The research laboratory has focused on understanding the disease process and developing treatments for MLD. Cultured fibroblast cell lines from patients with MLD and the mouse model of MLD have been extensively studied. Successes with both the cell lines and the mouse model have informed experiments designed to accumulate further preclinical safety data.
In MLD, mutations in the ARSA gene cause the loss of the activity of the enzyme arylsulfatase A (ARSA) resulting in the accumulation of a lipid, sulfatide, in the central and peripheral nervous systems. This causes a progressive neurodegeneration. The mouse model of MLD also accumulates sulfatide in the brain especially the cerebellum.
The blood brain barrier protects the brain but is a major impediment to treating MLD and other lysosomal storage diseases with a neurological component. We have developed a strategy to treat the MLD mouse using adult mice with a mature blood brain barrier. This mimics the clinical situation where almost all patients with MLD are diagnosed at an age when the blood brain barrier is formed. The therapy is to surgically access the lateral ventricle of the brain. The lateral ventricle is filled with cerebral spinal fluid (CSF) and contains the choroid plexus that produces the CSF. The measure of success for the treatment is the reduction of the concentration of
sulfatide in the cerebellar region of the brain to levels seen in wild type mice.
The treatment is gene therapy using a lentivirus – based gene therapy vector (LV-hARSA) that contains DNA that codes for a functional ARSA. Surgical delivery of LV-hARSA into the lateral ventricle of adult MLD mice results in the widespread transduction of cells within the choroid plexus and ependymal cells throughout the CNS and stable expression for months.
Ependymal cells line the CSF containing compartments in the brain. A single dose of LV-hARSA delivered into the lateral ventricle of adult MLD mice reduces cerebellar sulfatide concentrations by 18% to the same level as seen in wild type mice. More than 100 mice and rats have been treated and tolerated both the surgical procedure and LVhARSA without adverse events.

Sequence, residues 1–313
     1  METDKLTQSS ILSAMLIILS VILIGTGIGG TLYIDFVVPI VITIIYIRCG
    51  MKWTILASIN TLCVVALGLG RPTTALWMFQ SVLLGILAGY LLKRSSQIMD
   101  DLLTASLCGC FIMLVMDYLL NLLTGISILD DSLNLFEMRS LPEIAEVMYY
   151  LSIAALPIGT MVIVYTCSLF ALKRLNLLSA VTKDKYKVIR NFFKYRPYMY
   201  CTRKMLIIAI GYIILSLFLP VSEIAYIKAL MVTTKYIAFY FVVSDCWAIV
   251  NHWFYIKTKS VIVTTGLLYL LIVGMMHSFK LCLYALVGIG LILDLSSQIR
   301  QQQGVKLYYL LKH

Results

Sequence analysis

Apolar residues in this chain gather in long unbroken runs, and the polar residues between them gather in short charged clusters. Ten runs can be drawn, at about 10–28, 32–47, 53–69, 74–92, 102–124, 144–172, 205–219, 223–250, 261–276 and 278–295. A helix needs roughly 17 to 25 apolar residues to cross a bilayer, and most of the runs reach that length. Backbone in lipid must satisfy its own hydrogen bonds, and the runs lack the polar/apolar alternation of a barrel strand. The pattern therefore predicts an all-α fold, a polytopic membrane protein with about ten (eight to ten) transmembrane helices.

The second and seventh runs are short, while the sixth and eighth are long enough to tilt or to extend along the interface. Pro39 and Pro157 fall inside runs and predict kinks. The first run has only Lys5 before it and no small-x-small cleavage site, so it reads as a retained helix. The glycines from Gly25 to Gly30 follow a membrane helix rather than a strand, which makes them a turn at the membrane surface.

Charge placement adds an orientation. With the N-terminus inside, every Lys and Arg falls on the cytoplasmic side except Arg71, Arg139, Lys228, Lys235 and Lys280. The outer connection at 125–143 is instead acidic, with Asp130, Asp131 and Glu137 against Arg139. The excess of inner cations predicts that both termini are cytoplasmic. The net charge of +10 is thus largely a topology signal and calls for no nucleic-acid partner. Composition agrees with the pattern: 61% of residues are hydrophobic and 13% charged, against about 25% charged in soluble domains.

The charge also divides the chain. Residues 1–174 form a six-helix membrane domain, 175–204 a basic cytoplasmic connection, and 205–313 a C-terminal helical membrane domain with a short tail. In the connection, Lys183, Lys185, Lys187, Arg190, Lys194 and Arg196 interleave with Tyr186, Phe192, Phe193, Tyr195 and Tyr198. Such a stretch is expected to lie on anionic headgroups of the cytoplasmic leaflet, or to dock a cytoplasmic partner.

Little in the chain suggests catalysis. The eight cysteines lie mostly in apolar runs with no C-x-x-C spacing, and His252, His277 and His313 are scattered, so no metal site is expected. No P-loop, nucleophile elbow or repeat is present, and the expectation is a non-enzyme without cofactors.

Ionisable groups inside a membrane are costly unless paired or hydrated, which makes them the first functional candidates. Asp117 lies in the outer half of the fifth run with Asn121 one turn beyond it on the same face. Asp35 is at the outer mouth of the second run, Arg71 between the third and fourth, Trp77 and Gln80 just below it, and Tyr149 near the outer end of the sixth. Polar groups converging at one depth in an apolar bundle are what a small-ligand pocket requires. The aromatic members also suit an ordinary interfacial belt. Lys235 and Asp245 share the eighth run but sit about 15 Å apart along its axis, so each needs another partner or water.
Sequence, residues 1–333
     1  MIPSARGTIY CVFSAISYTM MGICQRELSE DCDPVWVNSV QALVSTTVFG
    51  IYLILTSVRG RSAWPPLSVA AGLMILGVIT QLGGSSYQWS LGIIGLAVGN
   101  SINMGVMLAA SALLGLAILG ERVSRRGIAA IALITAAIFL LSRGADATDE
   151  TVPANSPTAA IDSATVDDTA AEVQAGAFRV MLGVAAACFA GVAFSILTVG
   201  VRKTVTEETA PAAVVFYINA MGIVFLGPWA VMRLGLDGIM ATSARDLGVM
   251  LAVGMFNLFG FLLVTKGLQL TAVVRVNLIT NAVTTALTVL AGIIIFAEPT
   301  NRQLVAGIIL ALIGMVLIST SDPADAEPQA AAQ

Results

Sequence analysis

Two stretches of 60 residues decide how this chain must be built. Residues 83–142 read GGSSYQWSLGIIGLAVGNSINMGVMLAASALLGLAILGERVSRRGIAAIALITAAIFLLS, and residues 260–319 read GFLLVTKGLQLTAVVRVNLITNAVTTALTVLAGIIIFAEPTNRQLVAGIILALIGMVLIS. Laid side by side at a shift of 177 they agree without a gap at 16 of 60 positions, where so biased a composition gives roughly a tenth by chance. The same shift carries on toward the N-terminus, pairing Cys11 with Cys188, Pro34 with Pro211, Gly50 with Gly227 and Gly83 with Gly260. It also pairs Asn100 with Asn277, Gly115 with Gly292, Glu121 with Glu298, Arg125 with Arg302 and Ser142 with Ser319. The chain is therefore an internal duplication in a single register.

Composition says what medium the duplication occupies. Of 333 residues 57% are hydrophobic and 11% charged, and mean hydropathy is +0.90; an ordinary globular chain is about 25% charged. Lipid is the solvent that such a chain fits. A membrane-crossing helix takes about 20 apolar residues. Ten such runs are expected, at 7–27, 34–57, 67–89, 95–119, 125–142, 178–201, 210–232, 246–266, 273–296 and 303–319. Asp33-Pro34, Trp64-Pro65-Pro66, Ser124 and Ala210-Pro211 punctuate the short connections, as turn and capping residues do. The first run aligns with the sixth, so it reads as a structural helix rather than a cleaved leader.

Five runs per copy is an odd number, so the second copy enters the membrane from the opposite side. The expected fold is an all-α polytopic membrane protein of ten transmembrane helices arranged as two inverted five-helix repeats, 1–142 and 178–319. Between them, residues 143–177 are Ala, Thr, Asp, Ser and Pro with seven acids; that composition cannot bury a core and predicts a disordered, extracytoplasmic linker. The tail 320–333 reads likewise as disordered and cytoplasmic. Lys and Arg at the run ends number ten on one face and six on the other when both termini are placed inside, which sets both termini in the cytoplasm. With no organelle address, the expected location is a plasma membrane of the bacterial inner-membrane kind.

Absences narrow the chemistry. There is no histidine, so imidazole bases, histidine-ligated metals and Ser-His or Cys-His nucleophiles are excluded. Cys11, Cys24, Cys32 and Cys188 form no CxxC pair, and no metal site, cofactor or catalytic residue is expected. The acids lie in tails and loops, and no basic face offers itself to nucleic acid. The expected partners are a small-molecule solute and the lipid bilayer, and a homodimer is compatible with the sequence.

The gene therapy vector, LH-hARSA, introduces a correct ARSA gene sequence into the chromosomes of the choroid plexus and ependymal cells that are transduced. Detailed studies to identify the location of the integrated ARSA gene within those chromosomes have been completed as part of a safety assessment and demonstrated a clinically favorable integration site profile. Further safety studies have been successfully completed using both the mouse model of MLD and cultured
cells obtained from patients with MLD. These studies have not identified vector – caused toxicity.
Research is ongoing to assess the potential of cell therapy in the mouse model of MLD using mesenchymal stem cells. Mesenchymal stem cells expressing green fluorescent protein introduced with a foamy virus vector are seen to have migrated from the lateral ventricle (left) to distant areas of the mouse brain.
A pre – clinical trial application meeting with Health Canada to discuss a potential clinical trial using intra-cerebroventricular delivery has informed the direction of future research to prepare for a clinical trial application. Other ongoing research is targeted at developing strategies to impact peripheral nerve disease.
– Research Summary